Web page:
Budget 2024: Ottawa boosts investment in childcare

Feds also forgiving student loans to attract, retain educators in small communities

Budget 2024: Ottawa boosts investment in childcare

Ahead of the official release of the federal government’s Budget 2024, Ottawa is making commitments to increase investment to provide more childcare benefits for Canadian workers.

Ottawa is providing $1 billion in low-cost loans and $60 million in non-repayable grants to help public and not-for-profit child care providers build new spaces and renovate their existing child care centres.

“This means more resources for child care providers and more affordable child care options for families,” said the government.

The $10-a-day child care is now a reality in Nova Scotia and Northwest Territories, among other provinces and territories in Canada.

Student loan forgiveness to attract, retain educators

Under Budget 2024, the federal government is also adding $48 million over four years into student loan forgiveness funds to encourage educators to work in smaller communities. This will help attract and retain educators, according to the government.

In February, in hopes of addressing healthcare worker shortages in some parts of Canada, the federal government announced it is increasing loan forgiveness by 50% for doctors and nurses working in under-served rural and remote communities.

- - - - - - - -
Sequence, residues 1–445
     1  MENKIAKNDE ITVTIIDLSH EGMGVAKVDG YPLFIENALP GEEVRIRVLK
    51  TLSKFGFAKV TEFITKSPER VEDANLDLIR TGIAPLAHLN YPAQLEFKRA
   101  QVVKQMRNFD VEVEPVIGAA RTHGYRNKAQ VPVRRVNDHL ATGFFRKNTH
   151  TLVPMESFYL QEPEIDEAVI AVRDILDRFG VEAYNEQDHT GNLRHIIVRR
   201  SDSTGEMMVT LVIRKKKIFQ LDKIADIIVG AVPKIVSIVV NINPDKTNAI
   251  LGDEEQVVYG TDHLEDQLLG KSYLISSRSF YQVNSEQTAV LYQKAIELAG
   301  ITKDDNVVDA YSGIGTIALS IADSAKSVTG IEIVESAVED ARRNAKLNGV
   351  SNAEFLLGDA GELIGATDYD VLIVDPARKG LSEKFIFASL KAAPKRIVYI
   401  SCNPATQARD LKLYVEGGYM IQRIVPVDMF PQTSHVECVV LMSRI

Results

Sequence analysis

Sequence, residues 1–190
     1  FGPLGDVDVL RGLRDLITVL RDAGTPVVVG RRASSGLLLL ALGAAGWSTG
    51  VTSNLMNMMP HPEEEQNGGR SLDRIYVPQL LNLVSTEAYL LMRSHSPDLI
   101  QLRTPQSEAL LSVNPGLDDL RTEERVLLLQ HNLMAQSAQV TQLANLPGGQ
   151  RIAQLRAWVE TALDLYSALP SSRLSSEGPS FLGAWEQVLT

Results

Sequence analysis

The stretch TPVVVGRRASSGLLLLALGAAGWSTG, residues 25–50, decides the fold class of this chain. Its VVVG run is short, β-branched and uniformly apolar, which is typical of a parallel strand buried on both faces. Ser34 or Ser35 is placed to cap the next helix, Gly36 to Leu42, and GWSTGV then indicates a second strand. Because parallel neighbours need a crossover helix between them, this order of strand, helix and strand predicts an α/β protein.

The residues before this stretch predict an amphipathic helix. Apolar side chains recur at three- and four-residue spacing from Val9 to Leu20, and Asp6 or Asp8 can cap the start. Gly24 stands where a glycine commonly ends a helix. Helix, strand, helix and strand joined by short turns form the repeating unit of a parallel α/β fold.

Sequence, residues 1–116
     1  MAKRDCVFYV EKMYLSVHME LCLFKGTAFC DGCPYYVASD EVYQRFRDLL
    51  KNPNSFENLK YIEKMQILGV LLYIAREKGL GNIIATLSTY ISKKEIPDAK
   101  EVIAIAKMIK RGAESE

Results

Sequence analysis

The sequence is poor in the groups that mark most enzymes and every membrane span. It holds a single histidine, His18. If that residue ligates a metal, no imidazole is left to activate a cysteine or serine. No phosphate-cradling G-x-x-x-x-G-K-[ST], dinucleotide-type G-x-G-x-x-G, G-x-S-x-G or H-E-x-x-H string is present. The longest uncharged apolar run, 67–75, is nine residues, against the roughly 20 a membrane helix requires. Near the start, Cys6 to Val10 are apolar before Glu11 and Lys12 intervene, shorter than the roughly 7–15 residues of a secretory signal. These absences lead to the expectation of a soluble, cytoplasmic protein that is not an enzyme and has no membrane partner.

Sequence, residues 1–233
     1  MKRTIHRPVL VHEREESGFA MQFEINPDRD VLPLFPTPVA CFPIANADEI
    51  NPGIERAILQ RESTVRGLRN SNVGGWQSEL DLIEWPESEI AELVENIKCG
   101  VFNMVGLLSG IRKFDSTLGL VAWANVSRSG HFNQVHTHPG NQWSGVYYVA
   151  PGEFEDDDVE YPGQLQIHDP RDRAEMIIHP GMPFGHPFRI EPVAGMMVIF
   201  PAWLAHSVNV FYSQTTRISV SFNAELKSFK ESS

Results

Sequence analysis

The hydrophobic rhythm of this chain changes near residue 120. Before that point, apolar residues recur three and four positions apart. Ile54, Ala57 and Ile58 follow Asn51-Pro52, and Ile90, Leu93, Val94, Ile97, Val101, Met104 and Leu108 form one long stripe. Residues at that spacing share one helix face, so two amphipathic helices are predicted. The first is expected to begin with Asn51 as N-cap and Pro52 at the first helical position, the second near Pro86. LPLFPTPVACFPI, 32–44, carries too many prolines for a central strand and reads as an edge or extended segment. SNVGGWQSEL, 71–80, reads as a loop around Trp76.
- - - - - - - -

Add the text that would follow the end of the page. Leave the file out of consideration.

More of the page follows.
Ottawa is also investing $10 million over two years to train more early childhood educators, and build up “the talent needed for the expansion of affordable, high-quality child care,” said the government.

"Affordable child care gives moms and dads the opportunity to build their careers, helps families save money, and gives kids the best start to life,” said Prime Minister Justin Trudeau.

“That's why in Budget 2024, we're taking action to build more child care spaces, hire more early childhood educators, give them more training, and work with provinces like British Columbia to make sure families get the comfort and security they deserve. Fairness is making sure we support each other and build a better future – that's what affordable child care is all about."

$10-a-day childcare in B.C.

Ottawa is also providing British Columbia with $69.9 million to create new child care spaces and support inclusive child care services across the province.

Meanwhile, the provincial government announced that over 930 child care spaces are moving into the province's $10 a Day ChildCareBC program this spring, which will save families an average of $920 a month per child.

That means that the province has met – and exceeded – its target of bringing the number of $10 a Day ChildCareBC spaces to 15,000 by this spring, according to the federal government.

Across the country, over 750,000 kids are already benefiting from affordable, high-quality child care, with some families saving up to $14,000 per child, per year, noted Ottawa.

Late in 2021, Ottawa announced its goal of reaching an average of $10 per day childcare by 2026 everywhere outside of Quebec. In partnership with provinces and territories, the federal government has also announced over 100,000 new spaces, closing in on the goal of creating 250,000 new spaces by March 2026.

Over the past years, the federal government has come into $10-a-day childcare agreements with Alberta, Yukon, Prince Edward Island, Newfoundland and Labrador, Manitoba and Saskatchewan.

Three in 10 (30%) employees born in the late 1990s and early 2000s consider childcare benefits as the most important factor in considering whether to stay in their current role, according to a previous report.

Ottawa is releasing its Budget 2024 on April 16.

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